Tag Archives: 80th Street

Jackson Heights residents call National Grid a ‘bad neighbor’


| aaltamirano@queenscourier.com

THE COURIER/Photos by Angy Altamirano

Updated 5:20 p.m.

Residents on one Jackson Heights street are calling on National Grid to be a good neighbor and take care of “dangerous” holes left unattended for weeks after digging was started last month to work on gas pipe updates.

Councilman Daniel Dromm and residents on 80th Street gathered on the block Tuesday morning to speak out against holes created by the utility company that were left ignored for weeks.

The holes, which measure about 13 feet by 3 feet and go as deep as three to six feet, were dug by National Grid in April to start renovations on underground gas lines. However, residents said that in the beginning of May work just stopped and the holes were left uncovered and surrounded by barriers and cones, most of which fell into the holes.

“The damage they have done to this street makes you understand that National Grid is a bad neighbor. You don’t come into communities, dig up streets, leave piles of dirt and then leave the exposed pipes open to all types of foul play, to children falling into them, and then not respond to the community,” Dromm said. “We are here today to demand that National Grid minimally put plates over this, fix this work, and ensure the safety of the community is taken care of here.”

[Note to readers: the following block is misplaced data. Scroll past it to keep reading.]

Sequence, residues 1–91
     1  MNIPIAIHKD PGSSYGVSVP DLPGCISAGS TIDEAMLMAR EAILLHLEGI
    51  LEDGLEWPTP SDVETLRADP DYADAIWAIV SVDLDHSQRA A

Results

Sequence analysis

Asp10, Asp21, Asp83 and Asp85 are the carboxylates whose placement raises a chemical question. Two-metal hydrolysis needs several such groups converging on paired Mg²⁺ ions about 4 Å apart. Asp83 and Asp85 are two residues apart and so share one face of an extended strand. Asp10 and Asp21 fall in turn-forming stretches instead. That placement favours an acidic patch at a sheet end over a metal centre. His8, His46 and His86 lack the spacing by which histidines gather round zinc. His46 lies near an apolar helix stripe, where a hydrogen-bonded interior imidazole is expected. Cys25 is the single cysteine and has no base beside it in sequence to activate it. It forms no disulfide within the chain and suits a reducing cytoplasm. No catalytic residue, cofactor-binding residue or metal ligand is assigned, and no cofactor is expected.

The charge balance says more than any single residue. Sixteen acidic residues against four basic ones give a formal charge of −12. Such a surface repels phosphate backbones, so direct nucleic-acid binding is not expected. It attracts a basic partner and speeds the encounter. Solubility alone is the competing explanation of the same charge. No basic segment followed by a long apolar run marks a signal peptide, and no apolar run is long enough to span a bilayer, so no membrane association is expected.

Dromm added that his office communicated with National Grid several times, but no fixes have been made. The councilman said he even left his personal number and never received a call back.

Some residents expressed concerns that they have seen children playing in the holes, and others said the exposed gas lines have been letting out gaseous odors.

A Courier reporter on the scene also smelled gas odors coming out of one of the holes.

“The unfinished repair work initiated by National Grid on April 17, 2015, has not only resulted in a trip and fall hazard to pedestrians but has made us nervous because we were told originally the construction was to remedy a gas leak,” said Ricky Castro, co-op board vice president. “Despite many complaints we have received no answers about why we smell gas and if it’s safe.”